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Virtual global internships offer MSc students unique cross-cultural insights

Aug 26, 2021

Virtual cooking session

A virtual cooking class was one of the cross-cultural experiences for Ivey students

The shared pandemic experience helped MSc students bridge the gap with global team members and have a unique cross-cultural immersion during virtual internships with companies in India, Vietnam, and Peru through the Ivey Global Lab course.

“The virtual format gave different insights into culture because everybody was at home and they were all in lockdown. It was a different way of connecting that gave unique insights as to how people are coping or managing through it,” said Anitha Ramanna, an Ivey Global Lab Executive-in-Residence who coaches the students through the internships.

Launched in 2013 as part of the MSc international business and CEMS Master in International Management (MIM) programs, the Global Lab helps students understand business in a cross-cultural context. A centrepiece of the course is an eight-week internship from May to July where students work on a business project for one of 22 companies in either India, Vietnam, or Peru. Two travel adventure consultants design and deliver the course, in partnership with Ivey faculty. Christopher Clark, HBA ’96, founder and CEO of Terraficionados; and Ravi Raj, co-founder and CEO of Authentica, identify companies and scope out projects and then coach and support the students. This year, due to COVID-19, the internships were virtual. But the student participants learned they could still have a cross-cultural experience without leaving their homes.

Cultural immersion

To prepare for the internships, the students had sessions on doing business in the various countries with cultural experts and executives. The course includes prep work from January to April and a week-long orientation workshop in early May. During their projects, the students also had virtual dance lessons and cooking classes to give them a lighter taste of the country’s culture.

“It didn’t make up for not being there in person, but it certainly bridged the gap in terms of giving the students a little bit more of a three-dimensional experience of the countries,” said Raj.

Even their project topics – ranging from clean energy to new products for a beer startup – enabled the students to gain cross-cultural insights. For instance, a project on mental health in India in rural settings required students to learn about the culture of the target market.

“In many cases, the students were exploring very local kinds of issues, such as how do you develop and roll out a training program for a target market of rural Indian medical students. You have to contextualize that as you’re doing the work,” said Clark. “As you do that, you’re learning a lot about the local customs and the culture – learnings that you wouldn’t otherwise get. You wouldn’t get it as a tourist or as a brief visitor.”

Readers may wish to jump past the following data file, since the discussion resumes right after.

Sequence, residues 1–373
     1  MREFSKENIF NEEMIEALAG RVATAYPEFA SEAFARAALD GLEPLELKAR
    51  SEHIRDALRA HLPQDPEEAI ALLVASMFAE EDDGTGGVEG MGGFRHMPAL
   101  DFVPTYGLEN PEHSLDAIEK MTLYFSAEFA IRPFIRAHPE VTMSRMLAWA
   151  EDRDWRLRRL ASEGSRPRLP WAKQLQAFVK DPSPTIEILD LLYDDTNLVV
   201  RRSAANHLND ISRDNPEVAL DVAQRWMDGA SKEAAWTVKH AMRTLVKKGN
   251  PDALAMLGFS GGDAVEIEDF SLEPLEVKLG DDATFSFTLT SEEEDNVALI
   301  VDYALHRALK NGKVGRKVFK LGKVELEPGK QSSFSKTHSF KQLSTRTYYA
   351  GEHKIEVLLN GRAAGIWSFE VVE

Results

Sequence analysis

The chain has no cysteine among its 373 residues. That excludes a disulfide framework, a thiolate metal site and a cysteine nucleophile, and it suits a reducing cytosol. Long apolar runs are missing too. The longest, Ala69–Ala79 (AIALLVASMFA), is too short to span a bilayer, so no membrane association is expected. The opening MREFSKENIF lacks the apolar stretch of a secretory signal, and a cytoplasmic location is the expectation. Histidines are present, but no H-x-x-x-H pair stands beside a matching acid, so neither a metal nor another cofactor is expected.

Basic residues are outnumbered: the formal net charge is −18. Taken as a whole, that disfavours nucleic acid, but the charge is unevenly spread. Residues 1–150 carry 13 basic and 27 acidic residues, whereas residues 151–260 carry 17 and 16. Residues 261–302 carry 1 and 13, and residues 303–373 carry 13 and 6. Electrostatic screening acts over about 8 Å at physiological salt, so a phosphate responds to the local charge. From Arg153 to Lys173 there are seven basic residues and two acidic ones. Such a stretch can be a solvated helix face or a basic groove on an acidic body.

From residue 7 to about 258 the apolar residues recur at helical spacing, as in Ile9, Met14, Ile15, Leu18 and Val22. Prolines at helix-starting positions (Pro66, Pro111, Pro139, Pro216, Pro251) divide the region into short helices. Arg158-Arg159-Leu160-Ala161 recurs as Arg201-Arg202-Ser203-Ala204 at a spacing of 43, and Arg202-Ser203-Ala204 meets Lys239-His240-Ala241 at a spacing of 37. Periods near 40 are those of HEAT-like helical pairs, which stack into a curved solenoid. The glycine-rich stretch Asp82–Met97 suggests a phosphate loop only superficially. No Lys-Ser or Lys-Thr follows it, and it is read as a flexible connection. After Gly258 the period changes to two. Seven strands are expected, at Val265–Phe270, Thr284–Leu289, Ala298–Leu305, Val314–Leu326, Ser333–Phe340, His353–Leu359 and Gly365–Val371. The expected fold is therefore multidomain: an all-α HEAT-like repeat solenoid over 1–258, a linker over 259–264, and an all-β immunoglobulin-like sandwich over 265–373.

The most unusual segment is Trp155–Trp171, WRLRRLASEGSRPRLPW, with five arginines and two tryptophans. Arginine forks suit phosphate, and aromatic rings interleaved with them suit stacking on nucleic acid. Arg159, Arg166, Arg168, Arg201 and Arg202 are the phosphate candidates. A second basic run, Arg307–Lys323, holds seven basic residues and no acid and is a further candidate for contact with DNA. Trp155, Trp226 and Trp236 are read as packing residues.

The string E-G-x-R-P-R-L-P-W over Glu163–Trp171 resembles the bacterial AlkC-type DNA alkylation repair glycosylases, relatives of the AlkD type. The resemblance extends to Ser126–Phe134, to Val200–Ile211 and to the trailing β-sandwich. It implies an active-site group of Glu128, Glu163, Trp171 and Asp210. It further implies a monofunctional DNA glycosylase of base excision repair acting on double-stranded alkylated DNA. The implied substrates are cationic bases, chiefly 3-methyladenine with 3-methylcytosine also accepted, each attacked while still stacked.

Managing the challenges of global virtual teams

Lynn Imai, an Assistant Professor of Organizational Behaviour who teaches the Ivey Global Lab course, said cultural differences are more subtle on virtual global teams so an added benefit was that the students learned to recognize and manage these differences. Imai is a cross-cultural psychologist and designs the cross-cultural curriculum and experiences in the MSc and CEMS-MIM programs.

“Typical virtual challenges include being isolated, becoming fragmented across different time zones, and communication issues. Sometimes there is too much information, but there is also a lack of shared context and background. The students develop skills in managing that and those skills are really critical for the world today,” said Imai. “We’re exposing the students to a very dynamic, fast-changing, ambiguous environment to truly push them out of their comfort zone. They gain a host of professional skills in an integrated way, and are also developing really important life skills.”

For MSc-CEMS MIM student Alina Droge, the differences were an asset. Her student team helped The Better India company grow its Instagram following and increase sales of its line of sustainable cleaning products, The Better Home.

“Despite our diverse backgrounds and varying interests, we were a really great team. My favourite part of the Ivey Global Lab experience was being able to leverage these differences to share interesting new perspectives and colourful ideas,” she said. “Seeing all our ideas come together to form our final project was truly an amazing feeling.”

Preparing for the future of work

Raj said working virtually with team members in different countries requires a shift in mindset.

“When the students are there in person, they are physically living in the same context as the clients. But if they are living in Toronto or London, every time they talk to the client, they have to switch their mindset,” he said. “They have to instantly transform back mentally to a Vietnamese, or an Indian, or a Peruvian context with the absence of the physical experience. It’s a lot harder to bridge the gap of where you are today and where you need to be, so that is a huge learning.”

Working virtually required the students to use new business communication platforms, such as Slack, Microsoft Teams, and Zoom, which Raj said is great preparation for the future of work.

“It’s phenomenal how it’s preparing them for life in the future, which is one of the biggest upsides to doing it virtually. If they have to do it for work, they’ll be able to do it well,” he said.